Nothing to eat. I pulled my
smart phone from my pocket.
I ordered my food to be delivered.

The next five days consisted
of working from home all day,
ordering food delivered from
restaurants, ordering grocery
deliveries, eating breakfast,
eating lunch, eating dinner,

mid-morning snacks, mid-afternoon.
snacks. evening snacks, midnight.
snacks. ordering deliveries of bottles
of wine, writing, reading, writing,
ordering more food, more wine,
working, eating, working, drinking.

After day five I called a timeout.
I looked at the state law on online
I found that at this point if I tested
negative, I could end my quarantine.
I showered and shaved for the first
time in five days and put on fresh clothes.

I awoke my car from its five day nap,
cranked it up and headed down to
the test center that I’d found online.
I arrived, stayed in the car, called
the number listed on the big sign
displayed in the parking area.

It wasn’t long before someone
tapped on my car window, gave
me a clipboard with a form
attached and asked me to
complete it. I did, gave it back.
they left, returned —swab in hand.

After returning home, I changed
into my workout attire and walked
on the treadmill for half an hour.
i finished work and fixed dinner,
chopped salad and baked salmon.
I drank a bottle of sparkling water.

Day six and seven I repeated what
I started on day five. In addition
to eating fish and chopped salads
and exercise, I resumed a hobby
that I started but put aside due
to not having time for it in the past.

By the end of day seven, my coin
collection book was half-full.
I had several boxes of old coins
left but I was excited. I poured
myself a big glass of sparkling
water with lime to celebrate.

Day eight started early for me.
mediation first, treadmill, shower
and dress for work -at home,
treadmill for lunch, back to work.
My cell phone rang, it was the clinic,
my test results were negative.

Quarantine. Over.

(c) 2020, Jerry T Johnson

You may follow Jerry’s work on the following social media networks:



You stare at yourself in the mirror
Your eyes red, your hair distressed,
You’re not smiling, You’re fatigued.
You’re in the middle of a another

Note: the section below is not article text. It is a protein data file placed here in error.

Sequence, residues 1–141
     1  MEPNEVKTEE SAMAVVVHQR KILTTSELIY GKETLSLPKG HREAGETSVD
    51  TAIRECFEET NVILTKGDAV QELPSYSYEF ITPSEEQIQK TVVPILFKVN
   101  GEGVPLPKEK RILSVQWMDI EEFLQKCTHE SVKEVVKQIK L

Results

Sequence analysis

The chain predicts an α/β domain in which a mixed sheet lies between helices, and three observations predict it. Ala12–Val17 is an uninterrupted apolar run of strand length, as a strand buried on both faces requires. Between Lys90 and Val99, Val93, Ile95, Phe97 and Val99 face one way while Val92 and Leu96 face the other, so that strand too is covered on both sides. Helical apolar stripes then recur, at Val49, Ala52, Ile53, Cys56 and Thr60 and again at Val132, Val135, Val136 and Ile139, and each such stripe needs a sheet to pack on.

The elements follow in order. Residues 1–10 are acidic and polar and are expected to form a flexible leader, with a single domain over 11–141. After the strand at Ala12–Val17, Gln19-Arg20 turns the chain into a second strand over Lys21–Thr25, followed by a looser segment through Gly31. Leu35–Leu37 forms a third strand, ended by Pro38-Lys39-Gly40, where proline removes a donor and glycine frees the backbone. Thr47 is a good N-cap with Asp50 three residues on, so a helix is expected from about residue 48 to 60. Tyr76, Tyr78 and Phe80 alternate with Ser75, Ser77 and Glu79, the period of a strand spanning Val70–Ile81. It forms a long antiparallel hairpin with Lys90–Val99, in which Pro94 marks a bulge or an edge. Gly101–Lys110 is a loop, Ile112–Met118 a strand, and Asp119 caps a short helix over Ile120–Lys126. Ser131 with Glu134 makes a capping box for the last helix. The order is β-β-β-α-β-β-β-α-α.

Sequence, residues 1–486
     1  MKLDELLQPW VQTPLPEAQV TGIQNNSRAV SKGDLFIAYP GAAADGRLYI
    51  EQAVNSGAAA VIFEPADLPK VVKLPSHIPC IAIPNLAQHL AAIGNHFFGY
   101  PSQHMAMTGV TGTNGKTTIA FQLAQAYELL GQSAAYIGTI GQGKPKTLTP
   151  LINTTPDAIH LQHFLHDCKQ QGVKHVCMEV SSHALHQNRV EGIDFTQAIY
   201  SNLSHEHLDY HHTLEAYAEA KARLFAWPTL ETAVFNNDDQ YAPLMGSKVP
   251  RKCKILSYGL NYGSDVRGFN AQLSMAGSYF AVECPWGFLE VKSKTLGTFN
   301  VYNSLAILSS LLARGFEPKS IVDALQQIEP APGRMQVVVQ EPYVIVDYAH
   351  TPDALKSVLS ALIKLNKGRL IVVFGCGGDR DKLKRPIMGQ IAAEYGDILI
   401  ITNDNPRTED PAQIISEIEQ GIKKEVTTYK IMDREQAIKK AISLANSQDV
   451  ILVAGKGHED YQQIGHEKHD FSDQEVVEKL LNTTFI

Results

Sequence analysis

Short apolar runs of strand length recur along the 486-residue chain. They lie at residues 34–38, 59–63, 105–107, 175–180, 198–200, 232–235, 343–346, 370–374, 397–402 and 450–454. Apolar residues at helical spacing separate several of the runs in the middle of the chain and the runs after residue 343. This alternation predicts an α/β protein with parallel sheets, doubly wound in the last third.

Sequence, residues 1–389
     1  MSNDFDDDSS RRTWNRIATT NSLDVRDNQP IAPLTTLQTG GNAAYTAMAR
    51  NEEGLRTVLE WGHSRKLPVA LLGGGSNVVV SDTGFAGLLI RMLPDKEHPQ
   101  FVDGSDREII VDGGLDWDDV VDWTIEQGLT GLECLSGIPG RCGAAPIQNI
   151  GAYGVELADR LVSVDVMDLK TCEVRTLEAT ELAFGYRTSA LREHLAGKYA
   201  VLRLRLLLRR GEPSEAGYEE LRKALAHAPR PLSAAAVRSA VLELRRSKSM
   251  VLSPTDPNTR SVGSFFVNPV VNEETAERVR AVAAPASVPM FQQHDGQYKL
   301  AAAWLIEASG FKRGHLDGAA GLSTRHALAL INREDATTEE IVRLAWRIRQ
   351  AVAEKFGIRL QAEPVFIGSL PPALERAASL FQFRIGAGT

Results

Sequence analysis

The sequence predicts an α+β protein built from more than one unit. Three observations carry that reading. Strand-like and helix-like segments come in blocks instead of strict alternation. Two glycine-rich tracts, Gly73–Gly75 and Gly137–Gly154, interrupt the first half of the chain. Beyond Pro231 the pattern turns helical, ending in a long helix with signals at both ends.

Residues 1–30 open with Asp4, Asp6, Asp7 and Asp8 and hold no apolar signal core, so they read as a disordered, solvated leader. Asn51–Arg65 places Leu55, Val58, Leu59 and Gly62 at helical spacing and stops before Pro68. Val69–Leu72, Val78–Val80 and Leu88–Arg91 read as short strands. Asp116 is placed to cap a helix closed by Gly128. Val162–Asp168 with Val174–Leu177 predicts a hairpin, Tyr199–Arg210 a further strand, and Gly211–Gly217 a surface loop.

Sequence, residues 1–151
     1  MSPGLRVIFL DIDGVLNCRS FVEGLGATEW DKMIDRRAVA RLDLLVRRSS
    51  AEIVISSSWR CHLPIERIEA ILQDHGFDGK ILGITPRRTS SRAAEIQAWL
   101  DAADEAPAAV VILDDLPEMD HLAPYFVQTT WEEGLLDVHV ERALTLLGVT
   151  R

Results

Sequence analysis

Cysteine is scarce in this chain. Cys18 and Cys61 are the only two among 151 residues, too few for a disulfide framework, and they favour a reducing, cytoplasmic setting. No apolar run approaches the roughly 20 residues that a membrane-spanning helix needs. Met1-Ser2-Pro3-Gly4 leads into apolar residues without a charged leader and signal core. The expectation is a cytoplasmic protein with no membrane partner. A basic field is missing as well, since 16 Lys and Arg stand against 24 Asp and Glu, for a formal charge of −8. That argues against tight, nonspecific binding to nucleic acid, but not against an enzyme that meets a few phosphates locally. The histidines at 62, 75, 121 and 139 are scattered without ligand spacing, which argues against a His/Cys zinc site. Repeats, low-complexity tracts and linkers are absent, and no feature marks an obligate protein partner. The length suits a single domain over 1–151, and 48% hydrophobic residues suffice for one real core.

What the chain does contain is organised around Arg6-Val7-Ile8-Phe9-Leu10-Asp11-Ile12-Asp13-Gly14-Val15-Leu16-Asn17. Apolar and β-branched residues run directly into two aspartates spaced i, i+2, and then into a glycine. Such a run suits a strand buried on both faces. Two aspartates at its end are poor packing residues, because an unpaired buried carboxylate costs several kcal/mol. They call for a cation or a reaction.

lockdown, another surge,
another day of teleconferences,
one after the other over
and over ad nauseam.
another day of fretting
over politics, another day
of mourning over murders,
another day of hearing
talking heads, another
day of strident division,
another day of children
—fatigued too, at home
all day, all night, all week.

“This is exhausting,” you
mutter to yourself. You just
want to remove your face mask
and sit in a room crowded with
a thousand mask-less people
and declare your freedom.
But your common sense
appears and annoys you.
You realize you are in a tsunami.
You realize you must stand down
from errant and misguided notions.
You realize you must let this tsunami
pass, and deal with the aftermath
and the ruin and the wreckage for
a while and a while and a while.

You sweat from the strain of
your rumination, you sit down,
you point the remote at the tube
once again, the news is on and
you hear breaking news:
Vaccination is ninety-five
percent effective. Sunlight
streams through the vent your
curtains. You lift your sorrow
drenched head. Grateful.

My Pandemic Related Poems

Since nearly, every publisher, on earth, states in their guidelines: NO PANDEMIC POEMS, PLEASE (ouch, those caps are loud), I am posting my pandemic binge on my blog and my personal pages (Twitter, FB, IG). After the new year, I plan to submit new work to publishers.

Oh, for those who frowned at my “on earth” reference, I did submit some poems to Neptune but so far I got no response.